Dealing With a Bully at Your Nurses Station

Bullies come in all shapes and sizes, and there’s a fine legal distinction between being bullied and outright hostility. Although it can take many forms, bullying is a behavior that may be identified by being unwelcome, offensive, unsolicited or objectionable. Bullying can be physical, psychological or verbal, and may be found frequently in healthcare. Although this may seem strange, operating as a per-diem nurse exposes you to highly charged emotions under high-pressure and high-stress environments.

This type of environment is often referred to as a “pressure cooker,” where emotions can reach a breaking point and lead to aggression. Although you might have experienced bullying in the workplace, you may not have been aware since some actions don’t always fit the traditional definition and the workplace may be the last place you expect to find it. It’s important you first identify your experience with bullying and then determine your actions.

Overt Bullying

This may be one of the easiest forms to recognize because it’s often done in front of others, is blunt and clearly disrespectful. As a contract staffing nurse, you may experience verbal criticism or name-calling, blaming, ethnic jokes, slurs or overt fault-finding in an attempt to discredit your ability. In some instances, you may experience threatening behavior to scare or coerce you into certain actions, including physical violence. Another form of overt bullying is ignoring or exploiting your personal values or beliefs. Colleagues who criticize your morals, ridicule you or ignore your concerns are exhibiting signs of discrimination.

Covert Bullying

Unlike obvious signs of bullying, this may be a little bit more difficult to identify. You might even be unsure if it’s really happening as it is often subtle and difficult to describe to others who are not directly experiencing it. In fact, those who use this form of sabotage may seem outwardly nice and helpful. It can take the form of gossip or bad-mouthing you to superiors in order to smear your abilities and competence. Other forms of covert bullying are excluding others from the group, unfair assignments or extra work, undermining decisions and accomplishments or downplaying your accomplishments.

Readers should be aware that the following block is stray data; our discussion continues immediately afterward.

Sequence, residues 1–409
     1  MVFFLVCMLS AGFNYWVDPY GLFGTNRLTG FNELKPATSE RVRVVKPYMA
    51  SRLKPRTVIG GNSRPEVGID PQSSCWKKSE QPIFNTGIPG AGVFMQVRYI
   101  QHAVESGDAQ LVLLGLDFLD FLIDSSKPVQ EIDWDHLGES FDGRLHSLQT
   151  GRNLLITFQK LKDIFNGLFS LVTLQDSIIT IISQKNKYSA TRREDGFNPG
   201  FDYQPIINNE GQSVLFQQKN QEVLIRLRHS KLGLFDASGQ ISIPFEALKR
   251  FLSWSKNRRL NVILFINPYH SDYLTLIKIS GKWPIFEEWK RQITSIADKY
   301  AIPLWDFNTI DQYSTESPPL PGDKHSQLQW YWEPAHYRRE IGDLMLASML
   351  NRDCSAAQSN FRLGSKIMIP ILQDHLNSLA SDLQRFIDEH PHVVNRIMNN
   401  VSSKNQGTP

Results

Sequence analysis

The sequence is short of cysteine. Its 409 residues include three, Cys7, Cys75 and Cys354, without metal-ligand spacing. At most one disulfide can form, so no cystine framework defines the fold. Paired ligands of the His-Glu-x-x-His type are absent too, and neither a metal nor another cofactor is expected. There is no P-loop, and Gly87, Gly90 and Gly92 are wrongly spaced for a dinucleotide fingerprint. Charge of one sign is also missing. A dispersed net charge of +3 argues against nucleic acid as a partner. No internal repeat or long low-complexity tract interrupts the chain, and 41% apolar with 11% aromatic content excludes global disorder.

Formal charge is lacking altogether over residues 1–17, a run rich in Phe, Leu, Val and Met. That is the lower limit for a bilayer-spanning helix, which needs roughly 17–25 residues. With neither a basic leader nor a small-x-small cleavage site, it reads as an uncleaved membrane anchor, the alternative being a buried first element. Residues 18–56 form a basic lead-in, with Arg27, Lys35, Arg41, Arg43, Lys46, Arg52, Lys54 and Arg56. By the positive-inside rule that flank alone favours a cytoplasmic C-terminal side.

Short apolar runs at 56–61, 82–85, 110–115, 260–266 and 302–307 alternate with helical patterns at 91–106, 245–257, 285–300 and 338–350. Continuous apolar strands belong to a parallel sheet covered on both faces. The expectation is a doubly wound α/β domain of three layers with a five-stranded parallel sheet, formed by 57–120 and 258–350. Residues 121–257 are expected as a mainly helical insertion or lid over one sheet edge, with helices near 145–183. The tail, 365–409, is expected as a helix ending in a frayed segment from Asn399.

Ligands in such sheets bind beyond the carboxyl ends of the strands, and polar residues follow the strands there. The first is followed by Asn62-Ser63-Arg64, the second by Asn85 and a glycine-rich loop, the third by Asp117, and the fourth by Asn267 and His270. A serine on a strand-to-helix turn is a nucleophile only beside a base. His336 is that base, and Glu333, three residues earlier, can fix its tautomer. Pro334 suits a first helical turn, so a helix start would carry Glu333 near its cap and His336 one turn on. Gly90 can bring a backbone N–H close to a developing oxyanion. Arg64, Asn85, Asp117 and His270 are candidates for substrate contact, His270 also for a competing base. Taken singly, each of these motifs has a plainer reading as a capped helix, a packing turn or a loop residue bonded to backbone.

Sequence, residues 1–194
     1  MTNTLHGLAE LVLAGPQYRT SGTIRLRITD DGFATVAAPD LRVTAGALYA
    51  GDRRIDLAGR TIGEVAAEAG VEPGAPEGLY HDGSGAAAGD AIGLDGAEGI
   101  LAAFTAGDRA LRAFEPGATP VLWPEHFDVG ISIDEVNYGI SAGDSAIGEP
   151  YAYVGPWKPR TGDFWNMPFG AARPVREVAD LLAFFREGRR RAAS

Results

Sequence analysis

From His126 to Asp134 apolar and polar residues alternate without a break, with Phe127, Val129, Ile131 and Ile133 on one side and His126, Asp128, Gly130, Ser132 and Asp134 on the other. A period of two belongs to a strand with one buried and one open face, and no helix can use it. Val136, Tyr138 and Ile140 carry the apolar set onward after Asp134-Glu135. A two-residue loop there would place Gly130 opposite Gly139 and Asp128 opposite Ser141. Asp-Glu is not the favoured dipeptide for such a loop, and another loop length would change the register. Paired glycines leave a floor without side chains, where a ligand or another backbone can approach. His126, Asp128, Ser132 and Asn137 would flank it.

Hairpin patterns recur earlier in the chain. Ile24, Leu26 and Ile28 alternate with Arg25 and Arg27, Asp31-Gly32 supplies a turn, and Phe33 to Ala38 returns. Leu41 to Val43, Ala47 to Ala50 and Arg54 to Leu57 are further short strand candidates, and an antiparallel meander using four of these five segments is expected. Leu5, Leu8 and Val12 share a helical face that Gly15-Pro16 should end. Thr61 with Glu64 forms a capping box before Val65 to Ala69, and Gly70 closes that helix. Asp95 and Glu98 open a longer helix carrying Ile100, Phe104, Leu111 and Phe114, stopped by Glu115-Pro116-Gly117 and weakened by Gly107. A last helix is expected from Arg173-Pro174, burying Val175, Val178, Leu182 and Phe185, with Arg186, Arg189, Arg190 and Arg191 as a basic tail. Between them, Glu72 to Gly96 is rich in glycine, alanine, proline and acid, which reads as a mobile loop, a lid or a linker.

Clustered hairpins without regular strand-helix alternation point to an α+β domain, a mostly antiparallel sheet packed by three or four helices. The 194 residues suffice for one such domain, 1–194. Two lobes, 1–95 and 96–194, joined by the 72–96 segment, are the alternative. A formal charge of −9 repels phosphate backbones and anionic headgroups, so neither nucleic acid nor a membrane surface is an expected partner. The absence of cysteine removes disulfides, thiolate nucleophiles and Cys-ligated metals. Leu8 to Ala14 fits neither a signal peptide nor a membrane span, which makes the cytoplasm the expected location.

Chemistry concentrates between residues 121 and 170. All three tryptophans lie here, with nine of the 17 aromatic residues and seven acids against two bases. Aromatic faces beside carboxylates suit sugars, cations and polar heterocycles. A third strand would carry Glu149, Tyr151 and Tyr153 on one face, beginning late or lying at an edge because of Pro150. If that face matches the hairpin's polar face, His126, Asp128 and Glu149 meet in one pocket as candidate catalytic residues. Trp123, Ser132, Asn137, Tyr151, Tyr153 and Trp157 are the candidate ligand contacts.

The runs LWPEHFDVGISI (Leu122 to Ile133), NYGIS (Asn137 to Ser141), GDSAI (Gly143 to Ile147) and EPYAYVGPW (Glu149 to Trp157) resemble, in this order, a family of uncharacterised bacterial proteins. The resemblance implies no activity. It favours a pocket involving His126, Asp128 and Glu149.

If you’ve identified experiences at work that fall under one of these types of bullying behaviors, it’s important you do something about it and don’t just let it continue. This type of behavior is detrimental to your mental health, the environment of the nursing unit and the safety of the patients. Here are several strategies that may help per diem nurses reduce or eliminate bullying behaviors and develop a more cohesive and collaborative environment.

Stand Up — If it’s safe to do so, stand up for yourself in the situation. A bully may only be testing their boundaries, and when you set clear lines, you may find they won’t cross them again.

Speak Up — It’s not tattling or snitching to let others know about the behavior of a bully. Others may also be impacted by a bully’s behavior, and by speaking up, you’re letting your superiors know of the situation and potentially helping someone else avoid being the object of objectionable behavior.

Document Behavior — You don’t want a situation to turn into he said/she said, so document the behavior and try to get witnesses to corroborate the actions.

Understand If it’s Bullying or Harassment — Under Title VII of the Civil Rights Act of 1964, it’s illegal for your supervisor to take actions based on your sex, religion, skin color, race or nation of origin. Bullying may also be considered harassment if your supervisor knows about it and does nothing to stop it.

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